This week’s Thought is written by Peter Hodson.
This is a trustworthy saying, and everyone should accept it: “Christ Jesus came into the world to save sinners”—and I am the worst of them all. (1 Timothy 1:15)
Many of us are familiar with the name John Newton. A former slave trader, John Newton came to faith in Christ and, deeply encouraged early in his faith by the preaching of, and personal conversations with George Whitfield and John Wesley, he went into the Church of England ministry and became a curate at St Peter & St Paul's, Olney, Buckinghamshire.
Later, John Newton took up a post in St Mary's, Woolnoth, London, where he became acquainted with the young M.P. William Wilberforce. It is said that if Newton had not encouraged Wilberforce to fulfil God’s call as an M.P., he would have gone into the church ministry and the Abolition Movement against slavery would not have taken place.
While in Olney, John Newton had a practice of composing a poem for a special prayer meeting held on each New Year’s day. Late in 1772 he composed a poem he entitled “Faith’s Review and Expectation”, read out on New Year’s day 1773. It was a testimony of his journey from a recalcitrant, insubordinate blasphemer, to a compassionate preacher of God’s grace. The poem didn’t have any particular tune but was compiled as one of many poems and hymns into ‘Olney Hymns’. This poem of around 150 words only had 21 words of more than one syllable, so was much appreciated at the time by his mostly poor and illiterate congregation. However, in a short time, it fell into obscurity.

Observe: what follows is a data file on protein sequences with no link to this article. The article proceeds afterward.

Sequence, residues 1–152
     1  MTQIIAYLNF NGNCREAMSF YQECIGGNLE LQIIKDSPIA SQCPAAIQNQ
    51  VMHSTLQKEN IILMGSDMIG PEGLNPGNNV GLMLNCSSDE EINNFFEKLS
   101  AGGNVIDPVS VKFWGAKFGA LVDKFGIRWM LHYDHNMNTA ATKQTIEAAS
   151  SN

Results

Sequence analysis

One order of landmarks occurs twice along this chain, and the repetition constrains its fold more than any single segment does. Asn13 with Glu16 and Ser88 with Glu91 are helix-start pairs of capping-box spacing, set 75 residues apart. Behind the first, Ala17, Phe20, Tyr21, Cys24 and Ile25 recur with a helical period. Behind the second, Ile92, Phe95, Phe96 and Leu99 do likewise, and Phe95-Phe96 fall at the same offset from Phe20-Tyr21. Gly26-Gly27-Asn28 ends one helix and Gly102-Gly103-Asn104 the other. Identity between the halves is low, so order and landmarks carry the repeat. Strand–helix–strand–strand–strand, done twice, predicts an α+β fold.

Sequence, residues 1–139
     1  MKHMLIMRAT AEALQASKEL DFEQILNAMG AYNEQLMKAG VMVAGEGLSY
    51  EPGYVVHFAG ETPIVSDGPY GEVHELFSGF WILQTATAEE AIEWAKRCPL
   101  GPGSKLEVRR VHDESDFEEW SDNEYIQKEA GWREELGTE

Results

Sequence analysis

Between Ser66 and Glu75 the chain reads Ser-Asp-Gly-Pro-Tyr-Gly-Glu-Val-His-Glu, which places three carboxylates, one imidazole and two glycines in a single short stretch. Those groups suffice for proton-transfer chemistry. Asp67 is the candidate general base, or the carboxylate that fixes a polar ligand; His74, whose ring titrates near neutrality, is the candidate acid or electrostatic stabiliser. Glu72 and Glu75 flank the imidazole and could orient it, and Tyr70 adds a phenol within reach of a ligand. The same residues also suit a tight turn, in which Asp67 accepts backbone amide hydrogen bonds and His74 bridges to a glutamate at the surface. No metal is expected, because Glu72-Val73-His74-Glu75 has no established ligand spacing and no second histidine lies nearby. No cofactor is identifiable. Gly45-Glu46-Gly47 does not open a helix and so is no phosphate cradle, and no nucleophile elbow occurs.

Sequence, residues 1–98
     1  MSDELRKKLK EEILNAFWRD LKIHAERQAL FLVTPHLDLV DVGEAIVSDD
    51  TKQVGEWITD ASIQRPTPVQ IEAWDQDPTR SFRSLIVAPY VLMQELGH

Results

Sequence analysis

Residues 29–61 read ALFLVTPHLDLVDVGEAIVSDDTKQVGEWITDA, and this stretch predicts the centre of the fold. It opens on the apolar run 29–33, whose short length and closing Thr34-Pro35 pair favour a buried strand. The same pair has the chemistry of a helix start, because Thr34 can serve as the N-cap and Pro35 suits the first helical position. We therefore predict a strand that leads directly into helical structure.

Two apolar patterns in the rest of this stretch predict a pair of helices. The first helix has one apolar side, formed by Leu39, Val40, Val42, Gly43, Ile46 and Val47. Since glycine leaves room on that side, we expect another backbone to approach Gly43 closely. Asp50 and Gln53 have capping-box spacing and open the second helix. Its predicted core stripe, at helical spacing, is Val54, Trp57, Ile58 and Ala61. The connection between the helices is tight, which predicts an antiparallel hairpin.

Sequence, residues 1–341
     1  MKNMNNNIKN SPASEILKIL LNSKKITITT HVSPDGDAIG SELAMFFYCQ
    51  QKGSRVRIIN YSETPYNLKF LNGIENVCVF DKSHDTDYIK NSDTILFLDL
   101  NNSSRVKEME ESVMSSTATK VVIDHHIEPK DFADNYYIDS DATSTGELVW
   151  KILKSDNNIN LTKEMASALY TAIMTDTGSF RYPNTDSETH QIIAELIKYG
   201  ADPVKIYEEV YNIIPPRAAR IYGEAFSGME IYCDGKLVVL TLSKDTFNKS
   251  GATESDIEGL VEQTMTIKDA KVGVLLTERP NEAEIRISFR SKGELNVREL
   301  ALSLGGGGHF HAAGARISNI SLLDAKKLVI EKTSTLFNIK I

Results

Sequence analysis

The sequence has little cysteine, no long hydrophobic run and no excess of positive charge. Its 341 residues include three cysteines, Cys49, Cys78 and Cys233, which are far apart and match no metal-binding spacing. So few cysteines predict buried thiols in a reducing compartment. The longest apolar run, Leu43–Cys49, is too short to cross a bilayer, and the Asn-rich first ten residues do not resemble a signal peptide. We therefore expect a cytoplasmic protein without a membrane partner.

John was known by many who had been slaves, and in the southern states of America, his poem was picked up, given a tune and became perhaps the most famous and well loved hymn in the world, sung frequently during America’s Great Awakening and was considered a pioneer of ‘evangelical hymnody’.
Amazing grace, how sweet the sound that saved a wretch like me.
I once was lost but now am found was blind but now I see.
His epitaph in his own words, as inscribed on a memorial plaque in St Mary’s church reads:
“JOHN NEWTON. Clerk. Once an infidel and libertine, a servant of slaves in Africa, was by the rich mercy of our LORD and SAVIOUR JESUS CHRIST preserved, restored, pardoned and appointed to preach the faith he had long laboured to destroy.”
What wonderful grace God had shown to John Newton and what amazing grace He has shown to each of us and what a story we each have to tell of God’s rich grace!
We can echo the words that John Newton wrote in the last verse of another of his hymns, “How sweet the name of Jesus sounds”:
Till then I would your love proclaim
With every fleeting breath;
And may the music of your name
Refresh my soul in death.
Copyright © 2014 Struthers Memorial Church All rights reserved
Struthers Memorial Church is a registered Scottish Charity No. SC 006960 | Struthers Memorial Church is a company limited by guarantee incorporated in Scotland Company No SC335480 | Registered Office: 33 West Stewart Street, Greenock, PA15 1SH.